It is still a simple fact that the US,as you correctly point out, has a mass of strengths while, comparatively, its enemies/rivals have many weaknesses. That may change, especially if the Washington swamp remains undrained. But, equally the chances are, perhaps higher, that the US might continue to reign supreme.But I have a gut feeling that things probably won’t go as badly for the United States as many western "experts" predict ( I sometimes think that they pray for and wish for!). Even its geographical position is miles superior to Chinas, it is a natural fortress ( although I admit cyber attacks change that a bit). The US is bordered by just two countries and they are pretty tame, the US has great communications , road networks, air networks and more waterways and ports than probably the rest of the world rolled up together. China on the other hand is surrounded a dozen suspicious neighbours.

The US has a very big lead by the most vital measures of national power. Yes China comes closest, but the US still has perhaps x4 China’s wealth and x4 times its military capabilities? Such gaps would several decades to close even if things go downhill for the US

So, its a fair bet that things probably wont go as badly for the United States as so many seem to conclude, because whatever is said, it has to be recognised, that it has the best long-term growth prospects among the major powers, because the United States simply has all the “necessities” in spades.

It is also worthwhile recalling that, although an imperfect calculation, it took the Roman Empire 300 years to totally bite the dust…

Last edited 4 months ago by hugh bennett
René Descartes
René Descartes
4 months ago
Reply to  Galeti Tavas

I hope you are right Galeti. But don’t overdo your faith in the long term. Remember that in the long term we are all dead. And what with Putin today, possibly Trump again in a few years, and huge nuclear arsenals around the world it might be the short term.

Last edited 4 months ago by René Descartes
Charles Hedges
Charles Hedges
4 months ago
Reply to  Galeti Tavas

If the USA and the UK copied where needed the Applied Science /Engineering training of Switzerland and the Maths/Pure Science Training of SE Asia with a welfare system of Switzerland, we would solve most of our problems. Have a highly technically and scientifically skilled workforce with a welfare system which helps the needy but does not support the feckless in their lifestyle.

Michael K
Michael K
4 months ago

Joe Biden, 41%; Justin Trudeau, 40%; Scott Morrison, 39%; Jacinda Ardern, 35%; Boris Johnson, 25%.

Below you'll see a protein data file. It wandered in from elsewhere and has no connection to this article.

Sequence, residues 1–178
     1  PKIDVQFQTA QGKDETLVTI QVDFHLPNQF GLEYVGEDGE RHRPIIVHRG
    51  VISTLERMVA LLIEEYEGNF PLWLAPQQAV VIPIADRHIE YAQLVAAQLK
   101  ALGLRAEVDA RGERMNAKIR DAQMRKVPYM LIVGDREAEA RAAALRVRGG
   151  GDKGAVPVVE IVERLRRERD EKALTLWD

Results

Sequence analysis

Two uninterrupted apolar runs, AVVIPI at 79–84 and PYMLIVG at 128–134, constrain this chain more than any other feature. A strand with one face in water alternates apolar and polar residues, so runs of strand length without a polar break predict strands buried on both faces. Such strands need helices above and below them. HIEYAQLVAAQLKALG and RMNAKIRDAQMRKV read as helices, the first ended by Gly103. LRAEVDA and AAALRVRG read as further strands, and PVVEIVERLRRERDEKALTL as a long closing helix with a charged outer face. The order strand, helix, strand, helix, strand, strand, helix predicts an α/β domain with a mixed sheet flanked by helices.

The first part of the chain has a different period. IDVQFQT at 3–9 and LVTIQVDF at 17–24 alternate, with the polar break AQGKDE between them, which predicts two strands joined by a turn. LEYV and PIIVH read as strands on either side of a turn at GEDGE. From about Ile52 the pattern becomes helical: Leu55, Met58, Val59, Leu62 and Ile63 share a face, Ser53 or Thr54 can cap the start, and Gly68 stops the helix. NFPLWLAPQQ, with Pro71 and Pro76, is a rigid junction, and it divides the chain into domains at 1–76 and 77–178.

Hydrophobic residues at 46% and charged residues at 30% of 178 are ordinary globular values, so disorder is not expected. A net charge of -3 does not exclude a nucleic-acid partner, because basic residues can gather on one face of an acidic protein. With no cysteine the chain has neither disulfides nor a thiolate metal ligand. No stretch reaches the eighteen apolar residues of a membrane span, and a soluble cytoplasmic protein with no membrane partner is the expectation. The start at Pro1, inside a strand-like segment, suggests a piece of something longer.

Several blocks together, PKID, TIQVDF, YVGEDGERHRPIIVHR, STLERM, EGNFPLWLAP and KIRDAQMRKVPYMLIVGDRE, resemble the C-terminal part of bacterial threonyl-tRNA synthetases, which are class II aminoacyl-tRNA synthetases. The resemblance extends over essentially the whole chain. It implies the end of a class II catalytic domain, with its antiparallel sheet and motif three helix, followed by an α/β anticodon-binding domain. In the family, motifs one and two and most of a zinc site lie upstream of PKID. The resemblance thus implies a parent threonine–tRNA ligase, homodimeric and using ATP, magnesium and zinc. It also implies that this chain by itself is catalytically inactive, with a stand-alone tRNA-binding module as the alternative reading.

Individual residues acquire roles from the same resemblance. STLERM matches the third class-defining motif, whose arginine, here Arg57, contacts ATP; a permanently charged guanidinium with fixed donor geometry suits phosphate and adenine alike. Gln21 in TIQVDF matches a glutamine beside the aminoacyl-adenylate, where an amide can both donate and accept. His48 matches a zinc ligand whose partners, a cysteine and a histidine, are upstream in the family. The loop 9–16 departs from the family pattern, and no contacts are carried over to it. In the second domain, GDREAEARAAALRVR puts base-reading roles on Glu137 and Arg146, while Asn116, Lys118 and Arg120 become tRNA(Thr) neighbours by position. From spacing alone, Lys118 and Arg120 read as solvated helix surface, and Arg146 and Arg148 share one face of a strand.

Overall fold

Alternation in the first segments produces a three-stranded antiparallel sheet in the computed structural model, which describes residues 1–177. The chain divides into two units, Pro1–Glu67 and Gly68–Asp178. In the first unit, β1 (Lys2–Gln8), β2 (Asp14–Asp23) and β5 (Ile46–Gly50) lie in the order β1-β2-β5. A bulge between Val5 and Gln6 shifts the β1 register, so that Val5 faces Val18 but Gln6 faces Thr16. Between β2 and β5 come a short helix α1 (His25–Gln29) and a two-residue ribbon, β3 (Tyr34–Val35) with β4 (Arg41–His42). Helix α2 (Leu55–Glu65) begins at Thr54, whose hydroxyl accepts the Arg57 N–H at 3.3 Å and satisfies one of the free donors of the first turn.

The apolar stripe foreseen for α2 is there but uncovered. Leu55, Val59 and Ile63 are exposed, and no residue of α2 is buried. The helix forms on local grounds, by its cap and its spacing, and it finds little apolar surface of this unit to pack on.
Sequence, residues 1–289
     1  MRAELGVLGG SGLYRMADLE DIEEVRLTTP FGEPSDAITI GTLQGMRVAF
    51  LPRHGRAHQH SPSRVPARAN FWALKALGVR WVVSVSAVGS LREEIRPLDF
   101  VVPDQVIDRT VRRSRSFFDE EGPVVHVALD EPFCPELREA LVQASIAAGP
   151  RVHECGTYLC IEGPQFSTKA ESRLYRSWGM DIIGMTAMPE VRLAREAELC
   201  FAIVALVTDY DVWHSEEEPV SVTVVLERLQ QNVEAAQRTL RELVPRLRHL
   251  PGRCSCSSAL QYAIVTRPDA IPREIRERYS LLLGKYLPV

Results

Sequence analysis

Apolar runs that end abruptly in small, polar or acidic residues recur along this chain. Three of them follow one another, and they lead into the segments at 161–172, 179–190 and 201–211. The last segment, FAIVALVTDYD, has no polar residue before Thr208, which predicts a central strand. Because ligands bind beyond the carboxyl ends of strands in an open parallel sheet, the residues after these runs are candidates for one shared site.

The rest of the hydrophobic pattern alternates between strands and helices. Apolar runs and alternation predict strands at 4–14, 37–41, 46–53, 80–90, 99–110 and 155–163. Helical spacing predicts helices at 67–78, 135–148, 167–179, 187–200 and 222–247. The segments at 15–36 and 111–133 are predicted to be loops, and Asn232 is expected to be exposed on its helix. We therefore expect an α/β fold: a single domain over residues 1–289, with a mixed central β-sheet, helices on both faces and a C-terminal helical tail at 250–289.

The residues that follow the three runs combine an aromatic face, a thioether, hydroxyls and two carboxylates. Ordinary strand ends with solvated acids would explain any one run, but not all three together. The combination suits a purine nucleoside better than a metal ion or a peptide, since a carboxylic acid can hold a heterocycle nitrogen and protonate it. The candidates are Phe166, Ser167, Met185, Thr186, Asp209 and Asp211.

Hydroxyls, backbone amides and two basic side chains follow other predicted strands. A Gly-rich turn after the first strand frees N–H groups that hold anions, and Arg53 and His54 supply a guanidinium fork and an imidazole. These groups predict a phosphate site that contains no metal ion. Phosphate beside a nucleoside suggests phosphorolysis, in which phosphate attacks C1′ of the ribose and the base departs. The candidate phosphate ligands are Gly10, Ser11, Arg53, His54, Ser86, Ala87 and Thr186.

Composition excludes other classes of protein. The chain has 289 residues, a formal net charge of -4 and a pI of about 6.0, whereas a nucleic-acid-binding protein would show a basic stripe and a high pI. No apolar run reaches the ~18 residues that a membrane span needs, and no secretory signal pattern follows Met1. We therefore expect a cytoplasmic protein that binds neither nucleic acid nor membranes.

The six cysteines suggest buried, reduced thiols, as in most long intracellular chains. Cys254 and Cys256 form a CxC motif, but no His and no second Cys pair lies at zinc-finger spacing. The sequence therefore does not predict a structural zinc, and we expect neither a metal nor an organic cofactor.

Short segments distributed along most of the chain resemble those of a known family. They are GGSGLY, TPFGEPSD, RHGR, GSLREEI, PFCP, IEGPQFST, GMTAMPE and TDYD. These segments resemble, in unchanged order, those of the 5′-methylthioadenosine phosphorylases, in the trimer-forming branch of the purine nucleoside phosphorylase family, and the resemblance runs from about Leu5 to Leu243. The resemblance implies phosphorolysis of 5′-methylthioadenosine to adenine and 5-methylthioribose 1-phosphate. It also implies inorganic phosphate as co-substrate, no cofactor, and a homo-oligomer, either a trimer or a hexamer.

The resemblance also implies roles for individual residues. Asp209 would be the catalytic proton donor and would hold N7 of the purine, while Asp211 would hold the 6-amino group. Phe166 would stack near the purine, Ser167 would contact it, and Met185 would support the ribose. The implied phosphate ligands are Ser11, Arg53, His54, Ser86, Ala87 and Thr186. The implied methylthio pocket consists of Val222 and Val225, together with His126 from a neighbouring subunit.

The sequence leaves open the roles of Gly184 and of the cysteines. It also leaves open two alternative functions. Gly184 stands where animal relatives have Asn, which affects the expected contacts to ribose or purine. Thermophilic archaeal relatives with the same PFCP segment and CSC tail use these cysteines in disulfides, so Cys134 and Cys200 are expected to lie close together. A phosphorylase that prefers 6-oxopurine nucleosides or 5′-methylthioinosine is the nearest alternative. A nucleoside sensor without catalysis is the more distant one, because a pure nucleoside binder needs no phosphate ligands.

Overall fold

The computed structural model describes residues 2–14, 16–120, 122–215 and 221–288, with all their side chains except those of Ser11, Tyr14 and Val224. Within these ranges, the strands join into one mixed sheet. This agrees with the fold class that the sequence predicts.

Those numbers alone should prove how deeply we are submerged in cow dung.

Last edited 4 months ago by Michael K
Galeti Tavas
Galeti Tavas
4 months ago

“Covid-19. No Western Democracy has managed to minimize excess mortality without significant restrictions on individual liberty.”

Reminds me of the old first year Philosophy logic fallacy:

1) ‘No Western Democracy has ever’….. (minimized excess mortality)

2) ‘We are no Western Democracy’, (but Western Republics), therefore….

(Florida, Sweden, South Dakota minimized deaths as well as any lockdown Westerners – without significant restrictions on liberty)

But I am here to argue about excess deaths meaning what they are taken to mean by the agenda, and the Writer, as this is mere conjecture and correlation. VAERS shows a million adverse reactions to The Vax, and many say that is 5 to 50 times under reported. People like McCullough and Malone and Kory and Matheson infer (sometimes say even) that a great many of these excess deaths may be vaccine induced deaths – as a vast number of them seem to happen within a relatively short time after taking the vaccine. There is talk of the care homes frail people dieing off after vaccination faster than from the virus…. But then people will say anything. and to see some of it, search on ‘VAERS adverse reaction to covid vaccine’ – and be amazed at what pops up….

Last edited 4 months ago by Galeti Tavas
Galeti Tavas
Galeti Tavas
4 months ago
Reply to  Galeti Tavas

Every day another tale of how the vax has hot done anything useful at all – wile the ‘Response’ has caused untold death and destruction and economic and education and business and social – disaster…

https://rumble.com/vvd7l9-dr.-peter-mccullough-the-science-has-not-changed…fact.html

yesterday I posted the below link to McCullough ‘Drop all Mandates Immediately’ from the Australian Woman on youtube and several people posted right back that it had disappeared in those minutes… Now days you have to go to ‘Rumble’ to avoid the insane censoring of Youtube.

https://rumble.com/vvdh3j-the-caldron-pool-show-episode-5-dr-peter-mccullough.html

Just responding to the article saying reducing excess mortality was helped by reducing liberty – it was not. Search Rumble for Dr Malone – he is really great….

Leto McAllister
Leto McAllister
4 months ago